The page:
The Earth's climate has always been changing. Recent observations indicate that the changes are occurring faster and greater than those in the past. Consequently, the main scientific concern is with the ability of organisms to cope with these changes, especially terrestrial plants and crops that are sessile.
Stratospheric ozone depletion, resulting in increased intensity of UV-B radiation at the Earth's surface, has been one of the most evident changes since the 1980s. The effects of enhanced UV-B radiation on plants have been widely studied, showing that UV-B radiation can have deleterious effect on plants i.e. damage to DNA, alterations in transpiration, photosynthesis and respiration potential, growth, development and morphology (Rozema et al. 1997; Bjorn 1999; Gaberscik et al. 2002; Jansen 2002). The intensity of the effects depends on the species and on the balance between potential damage and the induction of protective mechanisms (Stephanou and Manetas 1998; Gaberscik et al. 2001). Consequently, natural systems can be affected by changes in plant phenology, biomass, seed production, plant consumption by herbivores, diseases and changes in species composition (Caldwell et al. 1998). Crops have been shown to be even more sensitive, because they have been subjected to long-term breeding (Breznik et al. 2005).
New agricultural practices are being developed to adapt food production to recent climate changes, since UV-B radiation could eliminate crops that are less tolerant. Thus, it is important to estimate the tolerance of certain species and to improve their tolerance by plant breeding and by application of protective substances on the field, such as soaking of seeds or foliar spraying by selenium (Se) compounds.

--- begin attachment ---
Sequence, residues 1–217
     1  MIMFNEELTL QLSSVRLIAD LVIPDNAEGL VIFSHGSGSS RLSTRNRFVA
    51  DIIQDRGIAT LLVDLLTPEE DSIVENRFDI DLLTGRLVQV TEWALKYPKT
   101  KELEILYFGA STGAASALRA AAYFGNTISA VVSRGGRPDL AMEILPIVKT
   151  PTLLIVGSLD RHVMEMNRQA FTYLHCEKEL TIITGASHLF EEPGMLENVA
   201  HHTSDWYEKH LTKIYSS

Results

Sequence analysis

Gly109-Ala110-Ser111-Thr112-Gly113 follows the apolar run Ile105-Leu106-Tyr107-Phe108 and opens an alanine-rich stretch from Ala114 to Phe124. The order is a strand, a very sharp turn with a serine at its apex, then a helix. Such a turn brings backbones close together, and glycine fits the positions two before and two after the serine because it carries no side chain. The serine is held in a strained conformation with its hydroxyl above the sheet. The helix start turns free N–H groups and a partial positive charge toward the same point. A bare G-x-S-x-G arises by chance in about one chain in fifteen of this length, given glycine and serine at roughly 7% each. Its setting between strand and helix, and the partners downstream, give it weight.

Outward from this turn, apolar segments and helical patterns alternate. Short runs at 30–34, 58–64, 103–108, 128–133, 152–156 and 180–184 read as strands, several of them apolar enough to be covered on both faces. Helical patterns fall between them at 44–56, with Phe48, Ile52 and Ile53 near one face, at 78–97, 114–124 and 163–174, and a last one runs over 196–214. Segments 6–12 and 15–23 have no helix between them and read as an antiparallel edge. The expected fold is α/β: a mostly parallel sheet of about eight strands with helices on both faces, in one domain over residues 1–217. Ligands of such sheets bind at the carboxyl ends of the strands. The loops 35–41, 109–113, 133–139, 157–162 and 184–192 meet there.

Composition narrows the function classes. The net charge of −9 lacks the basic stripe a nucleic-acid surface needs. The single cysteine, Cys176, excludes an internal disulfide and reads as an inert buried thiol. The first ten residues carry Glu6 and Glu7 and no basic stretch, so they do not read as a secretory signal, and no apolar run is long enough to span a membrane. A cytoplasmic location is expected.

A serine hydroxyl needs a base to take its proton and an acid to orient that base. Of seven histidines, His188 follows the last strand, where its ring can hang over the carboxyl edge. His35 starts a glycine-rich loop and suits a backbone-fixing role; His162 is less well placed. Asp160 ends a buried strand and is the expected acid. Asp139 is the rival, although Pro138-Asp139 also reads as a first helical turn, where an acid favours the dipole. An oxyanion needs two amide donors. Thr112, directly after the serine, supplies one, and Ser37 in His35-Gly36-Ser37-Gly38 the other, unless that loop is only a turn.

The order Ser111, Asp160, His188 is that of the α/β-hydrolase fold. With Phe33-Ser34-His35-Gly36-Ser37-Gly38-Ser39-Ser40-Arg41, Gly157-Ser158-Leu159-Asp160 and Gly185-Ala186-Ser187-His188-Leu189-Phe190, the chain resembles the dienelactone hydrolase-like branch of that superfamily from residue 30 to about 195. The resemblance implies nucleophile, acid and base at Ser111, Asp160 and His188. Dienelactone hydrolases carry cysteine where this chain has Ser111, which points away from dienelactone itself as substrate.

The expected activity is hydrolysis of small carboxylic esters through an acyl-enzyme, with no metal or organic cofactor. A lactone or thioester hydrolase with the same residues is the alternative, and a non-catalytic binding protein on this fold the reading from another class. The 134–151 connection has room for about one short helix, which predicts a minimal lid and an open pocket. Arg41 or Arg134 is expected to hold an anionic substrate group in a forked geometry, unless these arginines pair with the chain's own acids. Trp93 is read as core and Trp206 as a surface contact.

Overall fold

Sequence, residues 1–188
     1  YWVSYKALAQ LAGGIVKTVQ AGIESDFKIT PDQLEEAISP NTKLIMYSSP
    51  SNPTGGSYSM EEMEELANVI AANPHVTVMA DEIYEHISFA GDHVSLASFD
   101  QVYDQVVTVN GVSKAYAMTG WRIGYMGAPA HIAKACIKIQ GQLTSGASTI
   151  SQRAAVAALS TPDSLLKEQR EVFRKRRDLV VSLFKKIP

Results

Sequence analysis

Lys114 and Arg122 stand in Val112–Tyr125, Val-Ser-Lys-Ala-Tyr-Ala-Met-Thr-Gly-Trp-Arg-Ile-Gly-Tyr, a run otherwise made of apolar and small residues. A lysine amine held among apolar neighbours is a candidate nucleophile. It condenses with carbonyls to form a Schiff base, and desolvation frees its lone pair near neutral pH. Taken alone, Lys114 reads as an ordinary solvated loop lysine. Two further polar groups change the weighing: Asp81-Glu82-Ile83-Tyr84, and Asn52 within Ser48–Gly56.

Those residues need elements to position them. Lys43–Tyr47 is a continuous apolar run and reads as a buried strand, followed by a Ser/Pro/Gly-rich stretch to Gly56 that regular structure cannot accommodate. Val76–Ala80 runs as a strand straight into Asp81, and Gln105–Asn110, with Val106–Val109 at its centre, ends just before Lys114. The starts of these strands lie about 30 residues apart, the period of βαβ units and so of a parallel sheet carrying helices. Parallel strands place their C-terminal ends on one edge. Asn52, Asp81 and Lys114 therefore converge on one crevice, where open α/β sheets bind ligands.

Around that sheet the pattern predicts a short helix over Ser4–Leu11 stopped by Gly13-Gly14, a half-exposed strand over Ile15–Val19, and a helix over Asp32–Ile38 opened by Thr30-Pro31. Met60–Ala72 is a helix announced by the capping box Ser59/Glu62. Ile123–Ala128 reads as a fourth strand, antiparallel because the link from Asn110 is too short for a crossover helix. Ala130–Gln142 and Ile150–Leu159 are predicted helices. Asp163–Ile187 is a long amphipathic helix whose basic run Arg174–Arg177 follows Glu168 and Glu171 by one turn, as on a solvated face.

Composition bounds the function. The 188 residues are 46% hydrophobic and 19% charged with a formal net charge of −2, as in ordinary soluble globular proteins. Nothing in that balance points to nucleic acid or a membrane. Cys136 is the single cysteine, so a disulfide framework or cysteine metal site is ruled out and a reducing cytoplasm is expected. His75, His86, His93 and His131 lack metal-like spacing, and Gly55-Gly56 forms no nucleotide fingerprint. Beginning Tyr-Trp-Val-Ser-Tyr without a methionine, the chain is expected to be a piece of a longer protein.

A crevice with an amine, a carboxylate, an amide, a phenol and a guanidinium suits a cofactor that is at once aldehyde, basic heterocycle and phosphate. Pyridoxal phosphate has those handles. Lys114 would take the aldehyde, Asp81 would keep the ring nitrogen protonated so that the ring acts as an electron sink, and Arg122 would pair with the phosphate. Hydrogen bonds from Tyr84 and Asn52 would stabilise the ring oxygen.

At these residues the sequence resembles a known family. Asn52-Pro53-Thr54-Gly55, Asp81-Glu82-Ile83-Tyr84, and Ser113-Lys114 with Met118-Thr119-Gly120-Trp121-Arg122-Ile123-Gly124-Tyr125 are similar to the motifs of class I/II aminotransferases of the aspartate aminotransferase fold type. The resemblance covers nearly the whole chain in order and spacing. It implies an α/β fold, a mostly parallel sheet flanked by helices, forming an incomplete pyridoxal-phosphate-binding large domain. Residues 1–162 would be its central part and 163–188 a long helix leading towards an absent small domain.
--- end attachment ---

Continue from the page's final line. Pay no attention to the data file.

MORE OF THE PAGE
National Institute of Biology, Vecna pot 111, SI-1000 Ljubljana, Slovenia e-mail: [email protected]
S.N. Singh (ed.), Climate Change and Crops, Environmental Science and Engineering, DOI 10.1007/978-3-540-88246-6.12. © Springer-Verlag Berlin Heidelberg 2009
12.2 Changes of UV-B Radiation at the Earth's Surface
Depletion of the stratospheric ozone layer is the consequence mainly of huge emissions of chlorofluorocarbons (CFCs), methyl bromide (CH3Br) and nitrogen oxides (NOx) arising from human activities. Continuous observation since the 1980s has shown this layer to have decreased by 3-6%, resulting in 6-14% increase of UV-B radiation at Earth's surface (WMO 2003). The recovery of the ozone layer has been predicted either to speed up (Dyominov and Zadorozhny 2005) or to slow down, the uncertainty arising from the fact that the possible interactions with global warming are poorly understood. The recent, generally accepted forecast is that the stratospheric ozone layer will recover by 2050, but other possible scenarios are also being studied. In any case, the enhanced UV-B radiation will still be an issue and could significantly affect biocenosis (McKenzie et al. 2003). Climate change can also affect UV radiation due to changes in cloud cover and reflectivity, since temperature changes over the 21st century are likely to be about 5 times greater than in the previous century. Ozone is expected to increase slowly over the coming decades, but it is not known whether it will return to levels that are higher or lower than those present prior to the onset of ozone depletion in the 1970s.
The intensity of UV-B radiation at the Earth's surface depends also on other atmospheric conditions, i.e. clouds, aerosols, tropospheric ozone and other gases, season and location (Nielsen 1996). The stratospheric ozone depletion in high latitudes of the Northern Hemisphere (Jones and Shanklin 1995) is less pronounced and more erratic than in the Southern Hemisphere (Dahlback 2002).
Knowledge of the level of biologically effective UV-B (UV-BBE) radiation is essential for interpreting the effects of UV-B radiation on organisms. Different action spectra have been obtained for different processes in organisms (Bjorn 1999). The increasing shorter wavelength UV-B requires that action spectra are determined for interpretation of UV-B effects. The Thimijan curve of biological effectiveness is the basis for developing action spectra that express the relative influence of a particular wavelength on the biological response (Thimijan et al. 1978).
12.3 The Effects of Enhanced UV-B Radiation on Crops 12.3.1 The Cell and Its Components